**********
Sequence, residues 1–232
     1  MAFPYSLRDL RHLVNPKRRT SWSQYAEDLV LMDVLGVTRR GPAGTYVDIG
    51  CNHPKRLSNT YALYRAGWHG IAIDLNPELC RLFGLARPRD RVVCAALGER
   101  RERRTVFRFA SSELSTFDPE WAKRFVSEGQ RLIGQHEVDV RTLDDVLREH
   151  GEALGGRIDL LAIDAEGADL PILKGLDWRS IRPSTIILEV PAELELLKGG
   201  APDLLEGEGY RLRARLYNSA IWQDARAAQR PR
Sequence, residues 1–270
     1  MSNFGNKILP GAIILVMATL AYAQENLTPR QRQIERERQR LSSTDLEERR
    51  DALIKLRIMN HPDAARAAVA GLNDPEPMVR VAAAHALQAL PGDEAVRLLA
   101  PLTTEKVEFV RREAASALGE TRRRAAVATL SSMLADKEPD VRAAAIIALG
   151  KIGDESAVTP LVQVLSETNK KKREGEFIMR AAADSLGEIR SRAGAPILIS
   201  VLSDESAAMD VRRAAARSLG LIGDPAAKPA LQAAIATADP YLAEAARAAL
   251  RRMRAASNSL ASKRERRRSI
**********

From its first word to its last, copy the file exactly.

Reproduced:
Sequence, residues 1–232
     1  MAFPYSLRDL RHLVNPKRRT SWSQYAEDLV LMDVLGVTRR GPAGTYVDIG
    51  CNHPKRLSNT YALYRAGWHG IAIDLNPELC RLFGLARPRD RVVCAALGER
   101  RERRTVFRFA SSELSTFDPE WAKRFVSEGQ RLIGQHEVDV RTLDDVLREH
   151  GEALGGRIDL LAIDAEGADL PILKGLDWRS IRPSTIILEV PAELELLKGG
   201  APDLLEGEGY RLRARLYNSA IWQDARAAQR PR
Sequence, residues 1–270
     1  MSNFGNKILP GAIILVMATL AYAQENLTPR QRQIERERQR LSSTDLEERR
    51  DALIKLRIMN HPDAARAAVA GLNDPEPMVR VAAAHALQAL PGDEAVRLLA
   101  PLTTEKVEFV RREAASALGE TRRRAAVATL SSMLADKEPD VRAAAIIALG
   151  KIGDESAVTP LVQVLSETNK KKREGEFIMR AAADSLGEIR SRAGAPILIS
   201  VLSDESAAMD VRRAAARSLG LIGDPAAKPA LQAAIATADP YLAEAARAAL
   251  RRMRAASNSL ASKRERRRSI